You’re probably familiar with northern Australia’s tropical summer (November to March) and dry season (April to October).
Based on thousands of years of Aboriginal knowledge, in Kakadu we recognise six different seasons. There are subtle variations that signpost the transition from one season to another – changes in the weather, which plants are in flower, and which bush foods are abundant.
Gudjewg – Monsoon season
December to March 24°C – 34°C
This is the ‘true’ tropical summer – thunderstorms, heavy rain and flooding. The heat and humidity generate an explosion of plant and animal life. Spear grass grows to over two metres tall and creates a silvery-green hue throughout the woodlands. Magpie geese nest in the sedgelands. Flooding may cause goannas, snakes and rats to seek refuge in the trees. Eggs and stranded animals are a good bush food source for local Aboriginal people during this time.
Banggerreng – Knock ‘em down storm season
April 23°C – 34°C
The rain clouds have dispersed and clear skies prevail. The vast expanses of floodwater recede and streams start to run clear. Most plants are fruiting and animals are caring for their young. Violent, windy storms early in this season flatten the spear grass – they are called ‘knock ‘em down’ storms.
Yegge – Cooler but still humid season
May to mid-June 21°C – 33°C
This is a relatively cool time with low humidity. Early morning mists hang low over the plains and waterholes. The shallow wetlands and billabongs are carpeted with water lilies. Drying winds and flowering Darwin woolly butt tell local Aboriginal people that it’s time to start burning the woodlands in patches to ‘clean the country’ and encourage new growth for grazing animals.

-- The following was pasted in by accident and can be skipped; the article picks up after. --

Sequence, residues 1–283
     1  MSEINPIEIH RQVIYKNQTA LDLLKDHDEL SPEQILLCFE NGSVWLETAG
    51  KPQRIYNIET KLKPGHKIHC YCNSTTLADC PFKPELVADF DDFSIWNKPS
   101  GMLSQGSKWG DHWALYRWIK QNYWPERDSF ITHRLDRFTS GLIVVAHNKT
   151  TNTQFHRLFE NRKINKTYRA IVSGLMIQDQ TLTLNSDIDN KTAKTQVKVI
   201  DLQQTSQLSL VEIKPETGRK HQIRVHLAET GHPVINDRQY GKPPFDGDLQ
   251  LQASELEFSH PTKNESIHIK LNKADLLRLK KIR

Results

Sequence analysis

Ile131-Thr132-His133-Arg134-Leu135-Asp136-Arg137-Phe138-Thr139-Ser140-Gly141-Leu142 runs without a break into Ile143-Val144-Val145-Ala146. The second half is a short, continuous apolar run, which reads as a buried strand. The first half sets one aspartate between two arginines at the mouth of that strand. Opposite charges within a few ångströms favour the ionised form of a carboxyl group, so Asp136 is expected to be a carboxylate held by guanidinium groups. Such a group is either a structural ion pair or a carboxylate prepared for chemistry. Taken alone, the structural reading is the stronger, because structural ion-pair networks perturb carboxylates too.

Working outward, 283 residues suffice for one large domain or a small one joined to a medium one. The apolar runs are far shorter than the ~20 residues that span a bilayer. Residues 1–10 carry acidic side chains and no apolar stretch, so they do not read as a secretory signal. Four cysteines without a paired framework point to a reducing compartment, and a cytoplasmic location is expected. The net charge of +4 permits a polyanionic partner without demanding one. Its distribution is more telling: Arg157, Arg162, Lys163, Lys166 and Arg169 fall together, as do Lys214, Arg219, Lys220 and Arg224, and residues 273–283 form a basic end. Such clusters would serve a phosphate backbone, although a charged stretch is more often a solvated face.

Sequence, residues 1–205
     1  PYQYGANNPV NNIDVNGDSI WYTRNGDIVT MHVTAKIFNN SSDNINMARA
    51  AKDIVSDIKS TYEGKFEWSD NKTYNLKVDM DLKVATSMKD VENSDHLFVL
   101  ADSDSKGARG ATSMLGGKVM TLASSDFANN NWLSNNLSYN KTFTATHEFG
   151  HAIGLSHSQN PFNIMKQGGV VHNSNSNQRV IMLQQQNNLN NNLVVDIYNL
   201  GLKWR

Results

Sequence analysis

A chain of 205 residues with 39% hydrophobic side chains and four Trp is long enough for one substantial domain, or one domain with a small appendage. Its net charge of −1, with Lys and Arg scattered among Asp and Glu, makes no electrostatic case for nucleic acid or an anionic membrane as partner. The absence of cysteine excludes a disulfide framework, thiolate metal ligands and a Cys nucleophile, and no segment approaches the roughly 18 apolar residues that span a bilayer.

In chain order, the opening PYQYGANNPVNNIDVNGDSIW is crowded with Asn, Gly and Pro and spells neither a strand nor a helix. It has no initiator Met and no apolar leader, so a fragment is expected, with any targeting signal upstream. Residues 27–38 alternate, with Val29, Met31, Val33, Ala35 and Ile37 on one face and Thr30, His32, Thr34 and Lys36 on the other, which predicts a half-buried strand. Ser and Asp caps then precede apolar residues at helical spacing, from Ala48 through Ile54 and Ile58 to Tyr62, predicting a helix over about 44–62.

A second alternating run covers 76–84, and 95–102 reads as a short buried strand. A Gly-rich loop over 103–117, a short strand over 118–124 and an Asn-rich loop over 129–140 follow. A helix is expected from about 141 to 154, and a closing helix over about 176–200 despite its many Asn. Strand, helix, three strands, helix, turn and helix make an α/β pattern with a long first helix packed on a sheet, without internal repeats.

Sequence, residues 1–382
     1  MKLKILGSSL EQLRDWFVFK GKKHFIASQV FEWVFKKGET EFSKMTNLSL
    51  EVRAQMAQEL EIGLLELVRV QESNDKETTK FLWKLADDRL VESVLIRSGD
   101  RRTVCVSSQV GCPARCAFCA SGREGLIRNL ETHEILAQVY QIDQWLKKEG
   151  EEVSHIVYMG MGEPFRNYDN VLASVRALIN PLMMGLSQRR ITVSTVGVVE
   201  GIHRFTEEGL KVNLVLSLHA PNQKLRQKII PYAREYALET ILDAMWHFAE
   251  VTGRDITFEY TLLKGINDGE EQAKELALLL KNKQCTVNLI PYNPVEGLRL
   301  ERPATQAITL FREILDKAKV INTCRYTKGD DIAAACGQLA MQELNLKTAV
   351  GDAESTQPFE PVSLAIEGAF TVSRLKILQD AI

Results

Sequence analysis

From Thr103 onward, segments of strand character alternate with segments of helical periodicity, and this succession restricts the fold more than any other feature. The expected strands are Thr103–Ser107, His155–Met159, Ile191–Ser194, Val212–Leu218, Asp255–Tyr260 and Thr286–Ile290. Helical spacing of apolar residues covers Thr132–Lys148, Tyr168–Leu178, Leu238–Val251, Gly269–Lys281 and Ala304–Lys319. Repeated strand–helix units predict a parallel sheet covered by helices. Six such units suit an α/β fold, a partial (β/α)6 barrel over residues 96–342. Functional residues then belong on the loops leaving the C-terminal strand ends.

Wurrgeng – Cold weather season
Mid-June to mid-August 17°C – 32°C
This is the ‘cold weather’ time. Humidity is low, daytime temperatures are around 30°C and nighttime temperatures are around 17°C. Most creeks stop flowing and the floodplains quickly dry out. Burning continues, extinguished by the dew at night. By day, birds of prey patrol the fire lines as insects and small animals try to escape the flames. Magpie geese, fat and heavy after weeks of abundant food, and a myriad of other waterbirds crowd the shrinking billabongs.
Gurrung – Hot dry weather
Mid-August to mid-October 23°C – 37°C
Gurrung is hot and dry. It is still ‘goose time’ but also time for local Aboriginal people to hunt file snakes and long-necked turtles. Sea turtles lay their eggs on the sandy beaches of Field Island and West Alligator Head and goannas rob their nests sometimes. White-breasted wood swallows arrive as thunderclouds build, signalling the return of Gunumeleng.
Gunumeleng – Pre-monsoon storm season
Mid-October to late December 24°C – 37°C
Gunumeleng can last from a few weeks to several months. It is the pre-monsoon season, with hot weather that becomes more and more humid. Thunderstorms build in the afternoons and showers bring green to the dry land. As the streams begin to run, acidic water that washes from the floodplains can cause fish to die in billabongs with low oxygen levels. Waterbirds spread out as surface water and new growth become more widespread. Barramundi move from the waterholes downstream to the estuaries to breed. This was traditionally when Aboriginal people moved camp from the floodplains to the stone country, to shelter from the violent storms of the coming tropical summer.